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Software evaluation is a multidisciplinary activity that must be carried out from three interdependent perspectives: technical, legal and economic.
In this article:
Specialists are all too often prone to work in isolation, focusing on their own area of expertise without realizing the potential impact of other analyses on their work share.
As the development of a software, application or web platform requires the input of professionals with different skills, the same is true when performing our software evaluation service.
Collaboration between different professionals, which is not limited to mere information sharing, provides the client with a comprehensive technical and legal report that can lead to a realistic and reliable economic evaluation.
The interdisciplinary approach can be applied to any type of software, application, platform or website evaluation. Next, we take a look at the reasons why to have software evaluated.
There are several reasons why you may choose to have your software evaluated, including:
Whatever the purpose of the software evaluation, the economic appraisal (monetary value appraisal) should be the last to be performed as it is heavily influenced by the technical and legal evaluation.
Depending on the purpose for which the valuation is performed, some aspects may require dedicated analyses or validation by a Legal Auditor in the case of an Appraisal Report under Article 2465 of the Italian Civil Code that can be used for the contribution of goods and services to a company.
As a general rule, basic information about the software product in its three dimensions (technical, legal, and economic) is collected in the first phase.
We must consider that a software product comprises, in addition to the source code, all the documentation produced before, during and after its development.
As an example, we will need functional requirements analysis information and documents, technical analysis and solution documents that include architectural drawings of the software, and technical information on how and by whom the software was developed and how it is maintained and managed.
Some information will be qualitative, such as descriptions of the functionality and users involved, and some will be quantitative, such as the number of lines of source code written.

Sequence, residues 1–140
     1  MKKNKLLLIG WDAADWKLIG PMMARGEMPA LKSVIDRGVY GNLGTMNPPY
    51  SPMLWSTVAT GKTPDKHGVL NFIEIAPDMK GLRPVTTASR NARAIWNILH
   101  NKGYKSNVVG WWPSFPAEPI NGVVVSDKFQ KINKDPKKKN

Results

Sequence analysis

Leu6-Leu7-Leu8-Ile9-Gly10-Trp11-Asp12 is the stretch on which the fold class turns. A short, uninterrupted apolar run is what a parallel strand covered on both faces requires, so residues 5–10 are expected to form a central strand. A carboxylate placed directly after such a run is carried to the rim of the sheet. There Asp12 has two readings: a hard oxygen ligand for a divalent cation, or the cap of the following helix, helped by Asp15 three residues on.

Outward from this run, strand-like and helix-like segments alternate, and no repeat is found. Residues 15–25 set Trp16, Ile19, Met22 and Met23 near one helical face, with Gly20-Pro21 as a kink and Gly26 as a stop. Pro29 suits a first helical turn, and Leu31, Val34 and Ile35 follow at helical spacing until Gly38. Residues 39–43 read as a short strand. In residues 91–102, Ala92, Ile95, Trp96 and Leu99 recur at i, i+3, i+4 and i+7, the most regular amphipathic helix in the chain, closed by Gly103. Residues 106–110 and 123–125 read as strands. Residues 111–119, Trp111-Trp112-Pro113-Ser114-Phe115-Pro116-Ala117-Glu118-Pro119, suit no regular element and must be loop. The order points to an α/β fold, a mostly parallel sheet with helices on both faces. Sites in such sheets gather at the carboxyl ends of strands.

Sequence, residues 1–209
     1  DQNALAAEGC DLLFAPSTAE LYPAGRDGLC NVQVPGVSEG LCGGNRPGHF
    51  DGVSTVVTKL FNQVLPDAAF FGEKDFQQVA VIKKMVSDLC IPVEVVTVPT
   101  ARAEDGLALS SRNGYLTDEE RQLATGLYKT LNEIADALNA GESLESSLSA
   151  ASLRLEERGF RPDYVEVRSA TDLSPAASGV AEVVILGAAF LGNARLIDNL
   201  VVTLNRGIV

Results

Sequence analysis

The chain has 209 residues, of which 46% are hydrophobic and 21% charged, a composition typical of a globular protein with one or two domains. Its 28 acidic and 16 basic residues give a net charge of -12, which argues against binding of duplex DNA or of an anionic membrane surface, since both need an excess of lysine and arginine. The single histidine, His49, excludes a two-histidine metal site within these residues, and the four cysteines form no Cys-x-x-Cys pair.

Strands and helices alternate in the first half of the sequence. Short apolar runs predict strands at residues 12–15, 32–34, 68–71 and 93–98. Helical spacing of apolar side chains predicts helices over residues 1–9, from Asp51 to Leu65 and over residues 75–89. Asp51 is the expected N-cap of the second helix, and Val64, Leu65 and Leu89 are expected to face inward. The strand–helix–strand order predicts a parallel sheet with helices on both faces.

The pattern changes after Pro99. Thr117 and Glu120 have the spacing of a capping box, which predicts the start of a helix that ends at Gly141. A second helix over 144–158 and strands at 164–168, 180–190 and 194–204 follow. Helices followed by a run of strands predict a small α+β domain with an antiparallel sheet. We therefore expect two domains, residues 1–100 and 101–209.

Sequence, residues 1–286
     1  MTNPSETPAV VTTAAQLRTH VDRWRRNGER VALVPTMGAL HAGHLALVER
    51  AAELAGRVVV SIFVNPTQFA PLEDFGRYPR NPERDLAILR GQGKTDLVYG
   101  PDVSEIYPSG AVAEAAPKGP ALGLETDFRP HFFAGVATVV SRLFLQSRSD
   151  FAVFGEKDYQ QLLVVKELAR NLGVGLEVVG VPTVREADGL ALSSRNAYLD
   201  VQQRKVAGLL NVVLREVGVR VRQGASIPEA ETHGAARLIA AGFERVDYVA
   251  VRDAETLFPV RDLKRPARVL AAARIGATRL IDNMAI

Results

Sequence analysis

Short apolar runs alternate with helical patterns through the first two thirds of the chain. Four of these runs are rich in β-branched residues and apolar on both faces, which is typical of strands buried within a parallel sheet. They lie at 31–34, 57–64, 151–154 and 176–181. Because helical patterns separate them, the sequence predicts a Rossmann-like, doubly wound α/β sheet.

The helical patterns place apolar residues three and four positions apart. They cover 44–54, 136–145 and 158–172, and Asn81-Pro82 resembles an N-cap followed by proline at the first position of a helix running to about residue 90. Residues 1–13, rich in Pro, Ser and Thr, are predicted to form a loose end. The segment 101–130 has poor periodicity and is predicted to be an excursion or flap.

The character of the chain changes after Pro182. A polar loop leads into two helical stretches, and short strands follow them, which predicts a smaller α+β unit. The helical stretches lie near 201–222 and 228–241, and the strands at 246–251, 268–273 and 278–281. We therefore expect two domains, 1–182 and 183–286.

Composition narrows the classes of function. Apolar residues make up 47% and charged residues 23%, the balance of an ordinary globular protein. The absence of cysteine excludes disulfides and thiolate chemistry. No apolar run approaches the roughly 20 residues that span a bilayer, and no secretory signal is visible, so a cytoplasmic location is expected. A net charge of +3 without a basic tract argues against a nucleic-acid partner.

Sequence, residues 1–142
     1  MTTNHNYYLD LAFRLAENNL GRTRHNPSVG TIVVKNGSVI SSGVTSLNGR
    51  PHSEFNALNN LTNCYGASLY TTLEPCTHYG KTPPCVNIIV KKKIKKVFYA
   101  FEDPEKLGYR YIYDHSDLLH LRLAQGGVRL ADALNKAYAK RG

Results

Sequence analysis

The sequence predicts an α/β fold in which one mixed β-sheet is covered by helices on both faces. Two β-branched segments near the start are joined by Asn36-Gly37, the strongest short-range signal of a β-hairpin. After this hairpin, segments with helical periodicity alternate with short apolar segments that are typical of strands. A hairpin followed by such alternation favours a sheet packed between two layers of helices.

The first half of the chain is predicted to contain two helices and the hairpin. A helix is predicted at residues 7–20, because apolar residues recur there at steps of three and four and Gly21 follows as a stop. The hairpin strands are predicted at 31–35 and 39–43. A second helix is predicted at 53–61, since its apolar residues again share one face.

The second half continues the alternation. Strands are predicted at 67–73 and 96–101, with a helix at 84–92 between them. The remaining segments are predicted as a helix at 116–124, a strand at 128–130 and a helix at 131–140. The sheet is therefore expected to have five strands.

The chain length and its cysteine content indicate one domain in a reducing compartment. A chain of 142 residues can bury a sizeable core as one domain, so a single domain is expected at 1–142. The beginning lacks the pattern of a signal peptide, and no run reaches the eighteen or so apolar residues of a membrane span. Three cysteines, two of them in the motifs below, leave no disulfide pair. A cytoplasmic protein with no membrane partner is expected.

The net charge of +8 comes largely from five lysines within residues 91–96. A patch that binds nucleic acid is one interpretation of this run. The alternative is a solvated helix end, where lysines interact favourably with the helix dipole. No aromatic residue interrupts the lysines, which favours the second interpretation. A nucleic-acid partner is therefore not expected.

In the preliminary stage, technical-legal expertise is needed to assess aspects of intellectual property and its protection as well as compliance with privacy regulations, with respect to the security of user data. The support of a professional with economic expertise is also desirable.
The first information collection defines the scope of the intangible asset (software) being evaluated and its features. It also defines which intellectual property institutions are used or can be used for protection and who holds the ownership. Ceteris paribus, holding solid intellectual property titles increases the economic value of software.
Depending on the purpose of the software valuation or the elements emerging in the first part of the analysis, further investigation will be undertaken as appropriate. For example, it may be necessary to measure software quality by referring to ISO/IEC standards including ISO/IEC 25010:2011 (updated in 2017) and ISO/IEC 25023:2016 (updated in 2022).
For software dedicated to public administrations, Agid has produced the “Technical Guide to the Use of Metrics for Application Software Developed on behalf of Public Administrations” (https://www.agid.gov.it/sites/default/files/repository_files/guida_tecnica_metriche_software.pdf) in which it outlines software requirements and metrics and tools for assessing their quality.
Alternatively, it may turn out that other intellectual property institutions such as know-how have guided the development of the software. In this case, a dedicated follow-up is appropriate.
Once the first phase and any necessary additional investigation have been completed, it will be possible to move on to the phase of economic evaluation of the software product.
Different methodologies can be applied for the economic evaluation, which can lead to very different values depending on the characteristics of the software and the chosen method.
A conservative appraisal compares the values derived from different methodologies to arrive at the final valuation and cannot disregard the technical and legal evaluation.
It is important to note that protection activities should be planned prior to the implementation of the software through confidentiality agreements with employees or collaborators and the appropriate clauses within the contract for the supply of the software.
Registration of the software with the appropriate offices may sometimes be essential to achieve certain legal or tax benefits.
If flaws in the protection of intellectual property or its management are detected in the first phase of the assessment, they will be reported to the client and an assessment can be made of how to proceed and whether they can be rectified.